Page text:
However, that appears to be changing. During the 2020 election, a significant number of Democrats engaged in religious outreach. During the primary campaign, then-Mayor Pete Buttigieg routinely referenced his faith to demonstrate that Democrats can be religious too. In one debate, Buttigieg employed a religious offensive against the Republican Party for hypocrisy between its platform and profession of Christianity. Other presidential hopefuls like Senators Cory Booker and Elizabeth Warren and then-Senator Kamala Harris also utilized religious rhetoric, speaking about their connection to G-d and specifically Christianity. President Joe Biden worked on extensive outreach to white Catholic and white evangelical voters, reducing former President Donald Trump’s performance among those groups enough to help solidify his victory. 

Religion also made an appearance with both Democratic candidates for the two seats in the 2020-2021 U.S. Senate elections in Georgia. Senators Warnock and Ossoff’s election was a pivotal moment for the Democratic Party, securing a majority in the Senate. The infusion of his progressive views and background as pastor of Ebenezer Baptist Church, where Dr. Martin Luther King preached, was a key factor in Senator Raphael Warnock’s victory. Although more hesitant to mention religion during the campaign, Senator Jon Ossoff referenced the Jewish values that informed his political views and became the first Jewish candidate to win statewide office in the South since 1974.

Additionally, we’re witnessing candidates in the 2022 midterm elections build off the religious momentum over the last several years. Warnock has made religion a central message of his reelection campaign, emphasizing the joint nature of devotion to faith and commitment to social justice. His messaging routinely references his religious work and how it informs his political views. Just like it delivered him for his initial election, Warnock is hoping Georgia voters will be drawn to his religious fervor. 

Also in Georgia, the Democratic candidate for governor, Stacey Abrams, uses religion, but in a different way. As abortion becomes a pressing issue in all elections after the overturning of Roe v. Wade, Abrams has discussed the role her faith has played in shaping her views on the subject. She’s openly discussed how her upbringing by Methodist preachers informed her initial stance against abortion, but she’s since changed her beliefs after viewing it as a health issue, not a moral one. Her approach to abortion opens a new vantage point for Democrats to reach voters who may be personally opposed to abortion, but are hesitant to attempts throughout the country to reduce access to it.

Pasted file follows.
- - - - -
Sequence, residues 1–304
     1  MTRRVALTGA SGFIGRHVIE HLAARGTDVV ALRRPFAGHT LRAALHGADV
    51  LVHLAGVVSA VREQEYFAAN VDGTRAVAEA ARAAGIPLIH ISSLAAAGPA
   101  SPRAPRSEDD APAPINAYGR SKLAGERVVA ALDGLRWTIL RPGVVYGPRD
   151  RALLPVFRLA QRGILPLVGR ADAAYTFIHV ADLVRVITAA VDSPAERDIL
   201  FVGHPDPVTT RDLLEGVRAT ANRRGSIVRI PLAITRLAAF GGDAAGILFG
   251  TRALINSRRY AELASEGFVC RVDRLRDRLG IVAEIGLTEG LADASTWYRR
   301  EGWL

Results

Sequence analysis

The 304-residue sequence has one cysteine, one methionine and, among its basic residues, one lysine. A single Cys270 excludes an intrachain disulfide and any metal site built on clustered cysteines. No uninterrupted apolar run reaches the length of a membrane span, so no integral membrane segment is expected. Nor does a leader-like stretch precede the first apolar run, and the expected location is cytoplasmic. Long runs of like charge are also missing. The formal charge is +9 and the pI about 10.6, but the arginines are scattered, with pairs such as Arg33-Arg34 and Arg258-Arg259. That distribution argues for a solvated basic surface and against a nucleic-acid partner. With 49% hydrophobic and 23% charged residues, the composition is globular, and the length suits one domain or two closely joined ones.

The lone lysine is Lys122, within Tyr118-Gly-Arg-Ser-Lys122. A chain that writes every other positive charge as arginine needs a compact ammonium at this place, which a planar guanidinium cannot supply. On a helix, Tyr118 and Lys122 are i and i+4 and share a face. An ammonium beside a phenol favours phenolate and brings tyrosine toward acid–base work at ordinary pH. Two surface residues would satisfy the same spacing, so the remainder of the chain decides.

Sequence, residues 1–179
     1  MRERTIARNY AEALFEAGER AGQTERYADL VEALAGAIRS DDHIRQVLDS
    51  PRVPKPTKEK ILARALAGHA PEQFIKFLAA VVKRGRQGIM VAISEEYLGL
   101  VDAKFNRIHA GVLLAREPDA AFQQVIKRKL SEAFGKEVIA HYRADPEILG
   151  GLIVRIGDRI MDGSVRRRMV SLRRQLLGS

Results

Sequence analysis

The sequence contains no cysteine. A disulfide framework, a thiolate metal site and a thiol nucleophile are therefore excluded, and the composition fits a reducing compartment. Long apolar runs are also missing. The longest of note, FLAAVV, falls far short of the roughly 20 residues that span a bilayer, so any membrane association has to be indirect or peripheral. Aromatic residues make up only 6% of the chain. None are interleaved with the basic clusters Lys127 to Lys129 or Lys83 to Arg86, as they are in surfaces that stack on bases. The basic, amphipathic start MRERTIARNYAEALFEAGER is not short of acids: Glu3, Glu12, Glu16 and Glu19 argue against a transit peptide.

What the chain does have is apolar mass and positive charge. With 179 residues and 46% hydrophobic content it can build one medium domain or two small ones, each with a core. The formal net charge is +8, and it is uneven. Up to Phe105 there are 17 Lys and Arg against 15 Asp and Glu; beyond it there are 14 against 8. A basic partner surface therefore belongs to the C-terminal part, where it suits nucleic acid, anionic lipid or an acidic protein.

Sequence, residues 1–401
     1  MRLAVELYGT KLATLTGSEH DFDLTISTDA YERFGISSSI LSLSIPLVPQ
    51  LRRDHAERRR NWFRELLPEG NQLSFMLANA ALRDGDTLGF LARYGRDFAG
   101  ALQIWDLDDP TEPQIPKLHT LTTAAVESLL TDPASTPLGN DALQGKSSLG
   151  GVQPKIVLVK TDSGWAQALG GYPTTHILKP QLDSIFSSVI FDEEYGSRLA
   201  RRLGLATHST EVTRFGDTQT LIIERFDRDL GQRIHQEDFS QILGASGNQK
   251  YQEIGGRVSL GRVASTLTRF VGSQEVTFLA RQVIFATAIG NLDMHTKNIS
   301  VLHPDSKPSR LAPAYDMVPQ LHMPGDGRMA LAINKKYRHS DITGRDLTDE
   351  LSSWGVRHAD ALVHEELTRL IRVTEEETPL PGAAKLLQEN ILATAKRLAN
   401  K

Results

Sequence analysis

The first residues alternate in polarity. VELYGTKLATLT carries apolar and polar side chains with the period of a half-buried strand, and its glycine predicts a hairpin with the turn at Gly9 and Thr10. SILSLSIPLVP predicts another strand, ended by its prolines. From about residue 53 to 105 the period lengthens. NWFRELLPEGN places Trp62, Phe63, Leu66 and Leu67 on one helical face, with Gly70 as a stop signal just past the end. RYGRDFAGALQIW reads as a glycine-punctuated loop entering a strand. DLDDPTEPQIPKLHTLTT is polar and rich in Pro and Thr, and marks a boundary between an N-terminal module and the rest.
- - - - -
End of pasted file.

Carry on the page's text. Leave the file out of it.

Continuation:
In Pennsylvania, Attorney General Josh Shapiro is running for governor openly as a Jew and refusing to cede religious voters to his opponent, Doug Mastriano, a state senator. Shapiro has used his devout faith to reach out to religious voters, especially Black Protestants in the state by attending worship services and speaking from the pulpit. He’s routinely referenced his faith during campaign events, hoping that some voters who typically vote Republican on religious grounds consider switching. Among other Democratic candidates who employ religious rhetoric, he’s especially notable for attacking Christian nationalism as an assault on religious liberty, especially for religious minorities.

Although religion may appear to be a new winning strategy for Democrats, it isn’t risk-free. In the last two decades, Democrats themselves have become less religious in their membership. This isn’t to say that non-religious Democrats would vote Republican, but it does risk alienation and low voter turnout. These candidates are wagering that religious rhetoric will either deliver more voters or drive voters away from Republicans, but the threat of alienation will always be present for a party as religiously diverse as the Democratic Party. This isn’t to argue that Democrats who reference religion will lose (we’ve seen that’s not always the case), but to point out there’s a reason why Democrats have been cautious about religious rhetoric in the past. Even if elected, the division in the Democratic Party between the religious and non-religious suggests that while religious rhetoric may contribute to electoral victory, it doesn’t necessarily translate to religious influence in policymaking. 

This column is not an endorsement of religion as a political tool for Democrats or Republicans. The question of religion’s role in politics is separate from my observations of the trends in the Democratic Party. The last few years are a demonstration that Democrats can successfully utilize religion as an outreach method on the campaign trail. Although religion may still be tied heavily to the Republican Party, we’re beginning to see pushback from the Democratic Party and a potential shift in the way that religion operates in the political sphere. 

Blake Ziegler is a senior at Notre Dame studying political science, philosophy and constitutional studies. He enjoys writing about Judaism, the good life, pressing political issues and more. Outside of The Observer, Blake serves as president of the Jewish Club and a teaching assistant for God and the Good Life. He can be reached at @NewsWithZig on Twitter or

The views expressed in this column are those of the author and not necessarily those of The Observer.


Business is not a game